Black Business Owners To Converge At State Capitol | Twin Cities Business

“We’re leading with light and love, but this is about business,” says broadcaster Sheletta Brundidge. “We don’t have to apologize.”

Legislators are working with a $17.6 billion surplus this session, and businesswoman, podcaster, and media personality Sheletta Brundidge is on a mission to make sure Black business owners are not sidelined by their lawmakers.

That’s why she’s organizing a Black Entrepreneurs Day at the state Capitol, scheduled for Friday, Feb. 3. Presented by her production company and sponsored by Comcast, the event is aimed at connecting Black business owners with their representatives. Any Minnesota-based Black-owned business can register online to be part of the day. 

“We really have to do a better job and be more inclusive, but people say that all the time,” Brundidge said. “We’re gonna do a better job today.”

Participants will gather in the state Capitol’s rotunda at 10:30 a.m. Speakers include Brundidge, Gov. Tim Walz, Lt. Gov. Peggy Flanagan, and Minnesota Department of Employment and Economic Development commissioner Steve Grove. Owner of Arubah Emotional Health Anissa Keyes will also tell her story. Keyes is working to rehab a building in North Minneapolis so small businesses can have a brick-and-mortar office at a low cost. Dana Smith, whose business MinnyRow Market in Hopkins closed in 2022, will also speak at the event.

From 11 a.m. to noon, Brundidge – who says she has reached out to every legislator, Republican and Democrat – will assign legislators to speak with business owners who register.

“Each business owner is going to be assigned at least two legislators to go meet with,” she said. They’ll also get cards with names to identify their legislators and their offices.

From noon to 1 p.m., those registered will have lunch with those legislators.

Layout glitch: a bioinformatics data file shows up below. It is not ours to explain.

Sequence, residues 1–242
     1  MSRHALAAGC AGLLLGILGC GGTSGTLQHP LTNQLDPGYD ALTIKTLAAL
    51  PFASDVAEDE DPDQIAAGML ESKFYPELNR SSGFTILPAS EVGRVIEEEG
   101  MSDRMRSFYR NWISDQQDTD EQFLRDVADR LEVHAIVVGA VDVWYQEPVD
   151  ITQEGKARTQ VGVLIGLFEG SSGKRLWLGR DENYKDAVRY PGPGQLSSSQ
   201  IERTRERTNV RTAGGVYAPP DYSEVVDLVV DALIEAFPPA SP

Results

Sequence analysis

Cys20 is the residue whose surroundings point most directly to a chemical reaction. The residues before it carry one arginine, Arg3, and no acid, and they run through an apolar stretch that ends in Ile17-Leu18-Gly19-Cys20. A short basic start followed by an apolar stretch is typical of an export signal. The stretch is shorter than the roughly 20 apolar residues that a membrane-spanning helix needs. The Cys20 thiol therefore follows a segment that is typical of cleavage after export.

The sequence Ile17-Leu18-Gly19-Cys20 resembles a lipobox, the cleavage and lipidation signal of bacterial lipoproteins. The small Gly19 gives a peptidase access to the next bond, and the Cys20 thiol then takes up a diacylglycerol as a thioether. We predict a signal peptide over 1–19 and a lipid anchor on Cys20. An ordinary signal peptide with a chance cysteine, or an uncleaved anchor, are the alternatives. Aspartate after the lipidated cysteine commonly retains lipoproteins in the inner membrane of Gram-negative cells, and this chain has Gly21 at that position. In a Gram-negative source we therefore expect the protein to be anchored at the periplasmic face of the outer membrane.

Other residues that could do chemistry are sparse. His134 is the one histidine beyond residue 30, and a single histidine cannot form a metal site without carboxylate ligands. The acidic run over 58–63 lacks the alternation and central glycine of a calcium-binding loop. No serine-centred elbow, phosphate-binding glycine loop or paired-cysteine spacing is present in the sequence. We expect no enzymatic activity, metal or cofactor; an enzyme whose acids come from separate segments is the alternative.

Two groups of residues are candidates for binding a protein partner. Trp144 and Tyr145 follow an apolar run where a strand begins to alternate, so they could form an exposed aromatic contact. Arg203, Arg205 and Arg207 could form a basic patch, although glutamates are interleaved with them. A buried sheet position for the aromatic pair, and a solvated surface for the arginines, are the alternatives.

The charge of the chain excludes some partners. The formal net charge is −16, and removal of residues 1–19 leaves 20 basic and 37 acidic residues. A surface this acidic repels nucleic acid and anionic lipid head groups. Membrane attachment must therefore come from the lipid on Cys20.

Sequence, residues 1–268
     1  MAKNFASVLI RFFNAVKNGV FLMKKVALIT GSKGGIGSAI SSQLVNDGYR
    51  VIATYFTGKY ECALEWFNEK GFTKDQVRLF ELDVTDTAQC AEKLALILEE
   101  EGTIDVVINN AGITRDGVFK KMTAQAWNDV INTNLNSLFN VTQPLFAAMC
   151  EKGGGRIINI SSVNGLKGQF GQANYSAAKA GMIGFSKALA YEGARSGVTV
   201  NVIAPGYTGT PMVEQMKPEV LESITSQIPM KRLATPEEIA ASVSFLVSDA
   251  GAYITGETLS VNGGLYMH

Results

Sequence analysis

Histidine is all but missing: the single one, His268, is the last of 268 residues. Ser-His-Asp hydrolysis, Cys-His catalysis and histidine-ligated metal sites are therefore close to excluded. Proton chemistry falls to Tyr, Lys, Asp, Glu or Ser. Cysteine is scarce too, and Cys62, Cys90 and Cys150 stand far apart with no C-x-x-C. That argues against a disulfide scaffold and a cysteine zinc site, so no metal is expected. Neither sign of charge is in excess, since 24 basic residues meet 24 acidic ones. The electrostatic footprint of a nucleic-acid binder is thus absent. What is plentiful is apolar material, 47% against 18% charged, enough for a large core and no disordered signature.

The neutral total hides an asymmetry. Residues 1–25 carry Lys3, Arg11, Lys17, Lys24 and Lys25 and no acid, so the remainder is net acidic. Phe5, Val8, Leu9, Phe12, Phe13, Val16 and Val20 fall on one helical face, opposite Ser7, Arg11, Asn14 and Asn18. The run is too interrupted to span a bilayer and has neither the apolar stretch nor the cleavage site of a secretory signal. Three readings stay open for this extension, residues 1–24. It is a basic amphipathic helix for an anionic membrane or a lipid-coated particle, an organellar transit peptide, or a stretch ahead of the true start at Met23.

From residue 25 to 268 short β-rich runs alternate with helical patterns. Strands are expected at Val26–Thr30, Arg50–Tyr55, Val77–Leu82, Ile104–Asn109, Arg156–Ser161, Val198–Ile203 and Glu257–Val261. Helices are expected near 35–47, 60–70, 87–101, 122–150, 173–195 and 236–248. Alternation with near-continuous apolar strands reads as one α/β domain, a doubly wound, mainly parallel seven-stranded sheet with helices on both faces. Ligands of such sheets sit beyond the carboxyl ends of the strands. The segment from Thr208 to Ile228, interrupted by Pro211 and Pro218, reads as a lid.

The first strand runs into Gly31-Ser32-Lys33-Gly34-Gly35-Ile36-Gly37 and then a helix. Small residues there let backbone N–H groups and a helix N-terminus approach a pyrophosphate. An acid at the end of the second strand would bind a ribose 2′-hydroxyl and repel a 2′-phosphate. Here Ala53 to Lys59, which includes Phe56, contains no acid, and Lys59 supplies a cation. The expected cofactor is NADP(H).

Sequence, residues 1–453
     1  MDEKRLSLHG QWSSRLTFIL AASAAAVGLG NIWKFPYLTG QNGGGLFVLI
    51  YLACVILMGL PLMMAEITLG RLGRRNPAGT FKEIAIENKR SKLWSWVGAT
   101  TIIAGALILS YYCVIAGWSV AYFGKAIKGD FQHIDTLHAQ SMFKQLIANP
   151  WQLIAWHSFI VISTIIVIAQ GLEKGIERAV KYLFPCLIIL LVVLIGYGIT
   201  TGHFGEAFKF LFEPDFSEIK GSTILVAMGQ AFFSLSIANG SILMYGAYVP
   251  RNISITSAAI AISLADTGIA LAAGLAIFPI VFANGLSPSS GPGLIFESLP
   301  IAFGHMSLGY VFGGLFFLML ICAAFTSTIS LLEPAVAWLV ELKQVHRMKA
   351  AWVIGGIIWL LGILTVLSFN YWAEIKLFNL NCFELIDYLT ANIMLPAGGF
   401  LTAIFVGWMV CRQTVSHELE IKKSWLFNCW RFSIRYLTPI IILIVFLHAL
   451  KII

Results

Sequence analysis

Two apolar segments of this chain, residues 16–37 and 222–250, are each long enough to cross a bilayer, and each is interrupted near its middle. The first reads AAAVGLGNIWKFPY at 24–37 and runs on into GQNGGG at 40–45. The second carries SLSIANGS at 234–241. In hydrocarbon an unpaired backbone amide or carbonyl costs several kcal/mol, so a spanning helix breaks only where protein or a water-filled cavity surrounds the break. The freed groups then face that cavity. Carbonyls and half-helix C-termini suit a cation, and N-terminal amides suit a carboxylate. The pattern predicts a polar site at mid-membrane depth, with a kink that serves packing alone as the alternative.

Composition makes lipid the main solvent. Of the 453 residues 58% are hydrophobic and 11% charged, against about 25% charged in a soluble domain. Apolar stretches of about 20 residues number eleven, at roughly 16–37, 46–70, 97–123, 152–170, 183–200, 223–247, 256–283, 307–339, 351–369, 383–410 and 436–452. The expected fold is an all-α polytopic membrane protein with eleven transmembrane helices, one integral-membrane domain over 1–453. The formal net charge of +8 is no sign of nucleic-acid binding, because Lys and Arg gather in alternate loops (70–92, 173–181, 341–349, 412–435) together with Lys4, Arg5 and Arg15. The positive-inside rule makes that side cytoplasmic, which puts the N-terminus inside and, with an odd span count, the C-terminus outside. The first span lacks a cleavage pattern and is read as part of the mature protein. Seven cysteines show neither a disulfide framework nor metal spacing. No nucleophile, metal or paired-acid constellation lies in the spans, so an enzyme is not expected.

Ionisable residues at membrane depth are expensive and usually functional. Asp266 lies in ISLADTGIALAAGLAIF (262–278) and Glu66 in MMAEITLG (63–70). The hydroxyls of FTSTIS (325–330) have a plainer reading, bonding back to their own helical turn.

“We’re leading with light and love, but this is about business,” Brundidge said. “We don’t have to apologize.”

If there’s a hearing about legislation impacting businesses, Brundidge said Black business owners should be asked to speak. She noted these business owners don’t have a lobbyist to represent them, saying it’s not enough to simply call a representative.

“The struggles of a Black business owner are unique,” she said. “We’re not asking for a handout. We’re not asking anyone to give us anything. But, if there is something available, we should know about it ahead of time, just like everybody else.”

This isn’t the first time Brundidge has identified a lack of representation and jumped straight to action. Last year, Brundidge called out Target and other large companies for making equity commitments but not investing in local Black media. Months later, Target signed on as an advertiser for her podcast network.

She says she’s even been called “the pop-up problem solver” before. And this next project is no different.

“I’m gonna be in there with the Black business owners and the politicians, Republicans and Democrats, because I’m one of the only few people in this town who can bring these people together to resolve the problem,” she said.

Moving forward, Brundidge said she is working with Brian McDaniel with Hylden Advocacy & Law to find a long-term way to keep Black-owned businesses up to date on what’s happening at the Capitol.

McDaniel said Brundidge has a voice and influence that can really make waves while connecting Black-owned businesses to the legislators.

“With so many new elected officials of color, there is an audience at the Capitol with a completely different point of view than five or 10 years ago,” he said. “Now is a fantastic time for a group like this to really exercise its muscle.”

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